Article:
Sharp rise in lethal bird flu variant with 50% death rate as China urged to track virus

By Tim Hanlon

China has seen a spike in cases of a lethal bird flu variant in humans with a 50% death rate and the country has been told to keep a close check on it by the World Health Organization (WHO).

The sharp increase in numbers of the H5N6 variant means that a third of all human cases have been reported in the past three months.

On top of this, all of the 47 known human cases have taken place in the past year.

A WHO spokesman said: “Wider geographical surveillance in the China affected areas and nearby areas is urgently required to better understand the risk and the recent increase of spillover to humans.”

The "serious threat" posed by the H5N6 variant has been brought up by the Chinese Centre for Disease Control.

The WHO has told China to keep a close track on the H5N6 variant (X03234)

It has been examining the outbreak and revealed that there had been two new cases in Guangxi between February and July and it said that the way that the variant is spread out geographically and its diversity makes it a real danger to the "poultry industry and human health."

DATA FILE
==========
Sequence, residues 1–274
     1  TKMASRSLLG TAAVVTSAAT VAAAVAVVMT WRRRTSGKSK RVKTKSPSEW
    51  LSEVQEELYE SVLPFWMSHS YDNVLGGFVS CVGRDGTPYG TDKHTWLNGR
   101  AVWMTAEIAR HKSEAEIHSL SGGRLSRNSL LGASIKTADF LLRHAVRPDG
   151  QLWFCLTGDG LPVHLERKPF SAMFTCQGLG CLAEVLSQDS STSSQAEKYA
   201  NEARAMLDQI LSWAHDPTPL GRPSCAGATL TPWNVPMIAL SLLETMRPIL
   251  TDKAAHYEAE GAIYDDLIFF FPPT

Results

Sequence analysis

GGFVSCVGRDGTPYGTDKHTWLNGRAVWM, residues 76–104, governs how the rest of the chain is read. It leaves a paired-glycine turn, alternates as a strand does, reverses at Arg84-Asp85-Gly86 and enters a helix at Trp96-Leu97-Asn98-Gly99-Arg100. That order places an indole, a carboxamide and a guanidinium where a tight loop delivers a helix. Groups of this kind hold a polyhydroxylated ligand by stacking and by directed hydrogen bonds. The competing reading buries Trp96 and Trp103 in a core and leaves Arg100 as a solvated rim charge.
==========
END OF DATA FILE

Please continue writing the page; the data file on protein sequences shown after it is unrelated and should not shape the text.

It added that the way more humans are becoming infected by the avian flu virus cannot be ignored and researchers put importance on tracking the evolution of the virus and especially the variants and strains that are proving resistant to drugs.

The main worry from the H5N6 variant is how high the fatality rate is among people that do get it.

The H5N6 variant passes between birds but there is no evidence yet that it can be spread between humans (Corbis via Getty Images)

So far there has been no evidence of human-to-human transmission but people of all ages that have had it, have suffered serious illness and half of those infected have died.

In one cases in China, a woman, 61, who was admitted to hospital in July, said she had not had any
contact with poultry before her illness which leads to the question of how she was infected.

The WHO has officially said there is no evidence yet that H5N6 can be passed between humans and so the risk is low.

Flu viruses that spread among birds can infect humans sporadically and usually are down to contact with them.

Symptoms generally range from common cold-like complaints to pneumonia and death.

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